Summer is in full swing and by now your lawn is probably green. While admiring the fruits of your labor in the yard, are you wondering if you adopted a mini cow instead of a dog? Does he or she gorge on the grass in your garden or stop and nibble while taking a walk? Are you curious as are all of us, why your dog is eating grass?
Chances are your dog does not have a nutrient deficiency that they are trying to correct. If you have a healthy dog and it is eating a complete and balanced diet, there is not much that grass can provide for them that they aren’t already receiving. Grass is poorly digested by dogs; it comes out looking like the same as it went in.
Dogs don’t really gain much nutritional value by consuming grass. So why does your dog love to chow down on Kentucky Blue?
For the most part the answer is “because it is there.” Many modern grass strains can be rich in sugars and protein and may be quite palatable for dogs. Dogs may also eat grass to add bulk and fiber to their diet, which may contribute some benefit for softening stool and regulating passage of ingesta through the gastrointestinal tract. Sometimes (but rarely), dogs may consume grass in excess when they feel unwell in an attempt to irritate their stomach and induce vomiting. This is actually one of the less common reasons for grass eating, as very few dogs actually vomit after eating grass. Lastly, in some (diseased) conditions dogs may exhibit a behavior called “pica” where they consume items that are not considered food. In this case, veterinary attention may be necessary.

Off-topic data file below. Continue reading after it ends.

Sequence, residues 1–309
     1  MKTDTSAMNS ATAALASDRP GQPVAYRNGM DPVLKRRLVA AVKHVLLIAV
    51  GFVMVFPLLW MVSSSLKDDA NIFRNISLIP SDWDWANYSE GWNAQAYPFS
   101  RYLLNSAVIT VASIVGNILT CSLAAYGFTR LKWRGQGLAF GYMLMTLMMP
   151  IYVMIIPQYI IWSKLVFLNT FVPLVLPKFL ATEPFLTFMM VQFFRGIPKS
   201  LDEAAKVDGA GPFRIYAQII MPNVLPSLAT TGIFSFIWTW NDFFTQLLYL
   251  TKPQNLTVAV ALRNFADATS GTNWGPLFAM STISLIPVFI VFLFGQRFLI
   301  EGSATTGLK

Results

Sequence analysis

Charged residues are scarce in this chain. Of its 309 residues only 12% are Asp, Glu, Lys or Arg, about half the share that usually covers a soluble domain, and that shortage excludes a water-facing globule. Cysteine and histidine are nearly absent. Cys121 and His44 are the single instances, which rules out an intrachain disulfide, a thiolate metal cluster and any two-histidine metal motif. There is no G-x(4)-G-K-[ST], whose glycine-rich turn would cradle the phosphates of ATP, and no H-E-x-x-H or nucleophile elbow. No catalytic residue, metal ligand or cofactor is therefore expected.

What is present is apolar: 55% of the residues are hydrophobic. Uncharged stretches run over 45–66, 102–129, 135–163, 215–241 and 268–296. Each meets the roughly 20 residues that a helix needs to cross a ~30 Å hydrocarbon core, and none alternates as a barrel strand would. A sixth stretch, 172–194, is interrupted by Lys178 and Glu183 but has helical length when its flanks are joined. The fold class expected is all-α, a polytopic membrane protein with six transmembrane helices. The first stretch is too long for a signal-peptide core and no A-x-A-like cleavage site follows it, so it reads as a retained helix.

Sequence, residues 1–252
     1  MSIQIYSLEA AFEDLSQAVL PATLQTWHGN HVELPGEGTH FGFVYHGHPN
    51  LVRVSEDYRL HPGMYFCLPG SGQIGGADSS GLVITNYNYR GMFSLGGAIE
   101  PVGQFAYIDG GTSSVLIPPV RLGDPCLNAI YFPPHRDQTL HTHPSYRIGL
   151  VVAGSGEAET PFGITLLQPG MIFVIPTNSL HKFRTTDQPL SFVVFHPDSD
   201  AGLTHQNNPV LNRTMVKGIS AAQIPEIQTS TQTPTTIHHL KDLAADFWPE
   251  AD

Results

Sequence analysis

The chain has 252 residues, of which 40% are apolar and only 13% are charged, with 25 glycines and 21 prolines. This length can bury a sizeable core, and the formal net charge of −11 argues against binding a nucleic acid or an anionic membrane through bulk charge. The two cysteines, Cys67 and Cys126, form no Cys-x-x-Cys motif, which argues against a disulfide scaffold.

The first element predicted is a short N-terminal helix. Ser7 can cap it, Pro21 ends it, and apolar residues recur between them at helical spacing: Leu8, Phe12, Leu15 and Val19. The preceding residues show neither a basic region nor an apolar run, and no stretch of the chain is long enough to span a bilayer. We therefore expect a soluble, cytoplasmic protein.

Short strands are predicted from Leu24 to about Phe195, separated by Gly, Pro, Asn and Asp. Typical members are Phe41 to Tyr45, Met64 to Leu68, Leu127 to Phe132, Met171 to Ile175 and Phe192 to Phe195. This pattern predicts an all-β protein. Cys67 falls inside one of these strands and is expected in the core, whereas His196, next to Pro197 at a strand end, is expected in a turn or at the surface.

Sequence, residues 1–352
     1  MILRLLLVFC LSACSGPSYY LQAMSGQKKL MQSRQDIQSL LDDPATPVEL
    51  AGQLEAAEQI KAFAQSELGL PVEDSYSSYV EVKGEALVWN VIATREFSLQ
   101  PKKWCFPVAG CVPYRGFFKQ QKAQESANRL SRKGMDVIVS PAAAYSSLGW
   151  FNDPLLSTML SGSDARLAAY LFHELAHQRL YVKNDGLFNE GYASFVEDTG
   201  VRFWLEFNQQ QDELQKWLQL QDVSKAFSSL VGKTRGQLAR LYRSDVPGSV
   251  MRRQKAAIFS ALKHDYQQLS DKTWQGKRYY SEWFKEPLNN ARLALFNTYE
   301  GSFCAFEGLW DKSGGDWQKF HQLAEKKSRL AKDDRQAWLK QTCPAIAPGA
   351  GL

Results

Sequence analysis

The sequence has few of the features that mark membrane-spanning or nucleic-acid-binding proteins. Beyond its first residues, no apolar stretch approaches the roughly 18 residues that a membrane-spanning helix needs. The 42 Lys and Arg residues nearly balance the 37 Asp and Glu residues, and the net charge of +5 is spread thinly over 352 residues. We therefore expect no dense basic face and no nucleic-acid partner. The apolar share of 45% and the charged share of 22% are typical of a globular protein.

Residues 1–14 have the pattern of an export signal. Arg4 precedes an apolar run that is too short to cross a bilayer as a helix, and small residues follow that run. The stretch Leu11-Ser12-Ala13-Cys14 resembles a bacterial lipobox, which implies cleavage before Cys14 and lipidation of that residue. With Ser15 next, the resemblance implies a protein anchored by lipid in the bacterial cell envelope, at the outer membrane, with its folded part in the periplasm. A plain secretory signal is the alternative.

So the next time your pooch starts mowing your lawn, don’t worry! Grass eating is a very normal dog behavior and not typically associated with any sort of adverse condition. If your dog habitually consumes enough grass to make them unwell, you can curb the behavior by preventing their access with a basket muzzle when outside. You can also redirect them with a play toy.
In the end, you can feel comfortable knowing your dog is one of millions of healthy dogs worldwide who simply enjoys a leafy green now and then.
Best wishes and tail wags,
Dr. Sarah Dodd